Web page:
Frankenweenie (2012)

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A real return to form for Tim Burton with another stop-motion animation, this time a remake/expanded version of a decades-old short, the story of Young Victor Frankenstein (Charlie Tahan) who is devastated by the death of his dog Sparky but through science class and an experiment on a dead frog, he learns how he might bring him back to life. A glorious spin on the Frankenstein story with a genius character by the name of Edgar, a creepy bug-eyed buck-toothed little hunchback frenemy who rats out Victor’s secret and soon all the animals in the pet cemetery are making a return … Written by Leonard Ripps (in 1984) from Burton’s original idea, with a screenplay by John August and apologies to the source, Mary Shelley who probably never saw this one coming! A great pastiche of monster movies. Brilliant, moving and funny as hell. Love it.

The Bad News Bears (1976)


Has-been pool cleaner Morris Buttermaker (Walter Matthau) winds up coaching a hopeless Little League team at the behest of a councilman who’s PO’d at his own talentless son being denied a spot in this ultra-competitive sport. These kids really are the dregs – lazy, unathletic and truly without a prayer. Until Morris is gifted a smartass girl, Amanda (Tatum O’Neal) who’s the daughter of one of his exes and the best pitcher he could possibly get. She’s peddling star maps around Hollywood. Plus Kelly (Jackie Earle Haley) a wiseass punk old before his time who’s a great all-rounder. This year, they  might just beat their great foes, the Yankees, trained by Vic Morrow … Foul-mouthed, funny, unsentimental, this is one of the best satires of the Seventies made by that great comic auteur, Michael Ritchie, also responsible for beauty pageant comedy, Smile and political campaign movie The Candidate (not laughing now, are we?)  The screenplay by Burt Lancaster’s son Bill hits a lot of bases (!) – about the ethics of sport, teamwork, relationships, the importance of winning, and doing things your own way, but in a scathing way, of course. Lancaster had polio as a kid but played baseball at a pitch now named after this film (it’s at Ohio Ave and Sepulveda Blvd in LA). He wrote one of the sequels to this and collaborated with John Carpenter on The Thing. Matthau is simply great as the man who finally gets it together to relish the prospect of hard work and  winning, Morrow is totally on it as the opposing coach who will win at any cost and O’Neal is fabulous as the spirited girl leading the pack. This was a huge success and deservedly so. It’s the first of three films and a TV series and was remade many years later. However, forty years after its initial release it’s still the best baseball movie ever!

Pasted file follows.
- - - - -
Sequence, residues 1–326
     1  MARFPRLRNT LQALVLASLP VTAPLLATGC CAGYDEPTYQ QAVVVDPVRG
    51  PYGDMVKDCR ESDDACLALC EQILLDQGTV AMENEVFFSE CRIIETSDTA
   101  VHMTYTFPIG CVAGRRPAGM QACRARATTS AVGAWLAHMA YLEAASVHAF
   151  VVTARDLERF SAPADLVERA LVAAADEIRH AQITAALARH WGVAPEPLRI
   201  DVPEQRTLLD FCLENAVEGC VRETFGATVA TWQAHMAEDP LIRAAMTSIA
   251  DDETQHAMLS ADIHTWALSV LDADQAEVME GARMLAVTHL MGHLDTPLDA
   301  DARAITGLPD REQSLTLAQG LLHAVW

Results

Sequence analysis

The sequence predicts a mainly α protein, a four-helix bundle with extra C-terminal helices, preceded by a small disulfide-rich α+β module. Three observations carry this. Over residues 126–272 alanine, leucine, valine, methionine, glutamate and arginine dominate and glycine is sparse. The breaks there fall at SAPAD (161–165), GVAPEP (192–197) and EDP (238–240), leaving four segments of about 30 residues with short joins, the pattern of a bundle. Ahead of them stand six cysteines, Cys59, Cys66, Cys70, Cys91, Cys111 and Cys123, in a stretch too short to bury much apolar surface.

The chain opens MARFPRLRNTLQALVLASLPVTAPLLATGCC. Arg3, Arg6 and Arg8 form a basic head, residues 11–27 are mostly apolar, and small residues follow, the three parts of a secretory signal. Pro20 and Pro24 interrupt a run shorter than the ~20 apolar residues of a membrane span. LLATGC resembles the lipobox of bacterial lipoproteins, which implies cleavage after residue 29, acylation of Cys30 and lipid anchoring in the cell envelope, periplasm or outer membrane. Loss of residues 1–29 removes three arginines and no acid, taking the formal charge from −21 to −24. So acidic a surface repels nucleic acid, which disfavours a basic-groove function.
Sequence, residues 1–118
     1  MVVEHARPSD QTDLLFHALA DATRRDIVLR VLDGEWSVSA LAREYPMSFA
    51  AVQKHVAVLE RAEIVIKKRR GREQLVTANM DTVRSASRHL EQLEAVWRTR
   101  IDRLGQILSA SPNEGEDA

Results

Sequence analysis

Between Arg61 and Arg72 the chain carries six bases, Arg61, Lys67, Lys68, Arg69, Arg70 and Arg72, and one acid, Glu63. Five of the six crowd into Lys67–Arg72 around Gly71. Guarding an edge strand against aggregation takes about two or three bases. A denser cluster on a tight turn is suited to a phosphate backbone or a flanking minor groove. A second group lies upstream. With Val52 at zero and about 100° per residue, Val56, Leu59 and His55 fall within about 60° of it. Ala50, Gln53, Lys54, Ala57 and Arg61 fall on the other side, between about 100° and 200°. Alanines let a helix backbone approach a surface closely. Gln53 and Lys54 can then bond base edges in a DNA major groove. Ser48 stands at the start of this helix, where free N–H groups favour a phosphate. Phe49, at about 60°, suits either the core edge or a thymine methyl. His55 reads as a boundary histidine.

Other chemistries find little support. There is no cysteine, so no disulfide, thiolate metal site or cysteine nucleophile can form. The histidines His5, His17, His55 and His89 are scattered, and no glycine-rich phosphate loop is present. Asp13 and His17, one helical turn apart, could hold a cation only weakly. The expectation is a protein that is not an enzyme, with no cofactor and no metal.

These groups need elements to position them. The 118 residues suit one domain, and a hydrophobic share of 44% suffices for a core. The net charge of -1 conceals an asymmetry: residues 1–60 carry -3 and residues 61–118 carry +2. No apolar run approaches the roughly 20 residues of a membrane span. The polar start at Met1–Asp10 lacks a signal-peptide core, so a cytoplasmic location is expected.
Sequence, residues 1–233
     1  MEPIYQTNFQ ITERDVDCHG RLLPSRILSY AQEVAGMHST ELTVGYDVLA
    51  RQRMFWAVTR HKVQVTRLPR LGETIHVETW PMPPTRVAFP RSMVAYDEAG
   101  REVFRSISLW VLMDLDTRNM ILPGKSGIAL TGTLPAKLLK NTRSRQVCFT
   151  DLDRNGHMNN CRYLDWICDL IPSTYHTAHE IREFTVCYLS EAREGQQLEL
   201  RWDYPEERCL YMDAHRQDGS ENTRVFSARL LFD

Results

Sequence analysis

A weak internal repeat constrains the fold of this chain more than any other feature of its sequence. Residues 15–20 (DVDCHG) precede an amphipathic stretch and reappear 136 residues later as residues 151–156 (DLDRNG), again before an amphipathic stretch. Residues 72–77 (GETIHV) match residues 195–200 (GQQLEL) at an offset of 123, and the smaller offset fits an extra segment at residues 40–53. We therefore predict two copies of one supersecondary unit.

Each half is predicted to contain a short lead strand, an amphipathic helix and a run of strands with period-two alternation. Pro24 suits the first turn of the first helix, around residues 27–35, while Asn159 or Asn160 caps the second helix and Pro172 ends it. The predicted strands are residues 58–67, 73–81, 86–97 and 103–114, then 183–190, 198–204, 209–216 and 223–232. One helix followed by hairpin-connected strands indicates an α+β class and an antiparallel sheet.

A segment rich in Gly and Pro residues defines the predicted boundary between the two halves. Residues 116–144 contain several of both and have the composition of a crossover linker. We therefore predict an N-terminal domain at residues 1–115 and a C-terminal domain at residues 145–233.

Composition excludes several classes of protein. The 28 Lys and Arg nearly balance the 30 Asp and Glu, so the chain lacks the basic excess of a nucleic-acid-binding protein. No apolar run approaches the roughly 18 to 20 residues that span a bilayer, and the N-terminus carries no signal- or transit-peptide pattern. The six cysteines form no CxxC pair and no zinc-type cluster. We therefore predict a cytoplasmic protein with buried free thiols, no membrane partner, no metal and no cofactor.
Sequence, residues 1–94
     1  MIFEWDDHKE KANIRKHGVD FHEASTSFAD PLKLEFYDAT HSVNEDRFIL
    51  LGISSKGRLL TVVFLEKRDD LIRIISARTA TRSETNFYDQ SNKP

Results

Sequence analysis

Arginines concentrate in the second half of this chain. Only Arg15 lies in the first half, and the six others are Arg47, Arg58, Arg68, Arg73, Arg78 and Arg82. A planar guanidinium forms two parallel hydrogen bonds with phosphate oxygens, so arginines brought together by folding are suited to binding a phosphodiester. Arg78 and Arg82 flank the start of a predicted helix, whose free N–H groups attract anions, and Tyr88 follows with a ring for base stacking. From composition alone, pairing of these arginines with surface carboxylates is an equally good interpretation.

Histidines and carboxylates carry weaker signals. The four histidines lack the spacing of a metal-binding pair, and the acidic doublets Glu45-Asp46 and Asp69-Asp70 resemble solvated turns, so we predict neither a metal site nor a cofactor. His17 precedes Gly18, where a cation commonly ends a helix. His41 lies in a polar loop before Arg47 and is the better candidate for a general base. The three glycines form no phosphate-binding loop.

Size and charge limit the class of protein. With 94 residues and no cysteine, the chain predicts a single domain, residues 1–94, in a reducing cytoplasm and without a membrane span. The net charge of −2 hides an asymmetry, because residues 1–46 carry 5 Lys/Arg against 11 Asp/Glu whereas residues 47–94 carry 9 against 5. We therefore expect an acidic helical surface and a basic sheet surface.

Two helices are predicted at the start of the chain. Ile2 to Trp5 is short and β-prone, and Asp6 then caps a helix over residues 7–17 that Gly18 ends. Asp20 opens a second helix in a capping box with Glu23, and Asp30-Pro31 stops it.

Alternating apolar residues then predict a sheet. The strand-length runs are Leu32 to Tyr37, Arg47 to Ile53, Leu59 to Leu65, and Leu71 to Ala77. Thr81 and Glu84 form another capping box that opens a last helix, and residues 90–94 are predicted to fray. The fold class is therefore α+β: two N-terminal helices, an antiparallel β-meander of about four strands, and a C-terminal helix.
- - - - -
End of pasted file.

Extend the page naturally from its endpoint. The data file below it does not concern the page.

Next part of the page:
Take Me Out to the Ball Game (1949)

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The turn of the century set musical has honourable precedents and reached a peak of classicism with Meet Me in St Louis. Five years after that came this, a good humoured outing concerning the takeover of a baseball team by Esther Williams, who gets to dunk in a swimming pool which is of course a propos. Sinatra, Kelly and Munshin would be re-teamed 6 months later in On the Town, the classic film musical made on location with young choreographer Stanley Donen. This was Kelly’s idea. Inventive direction by musical master Busby Berkeley adds to the fun of the gambling plot and the play itself.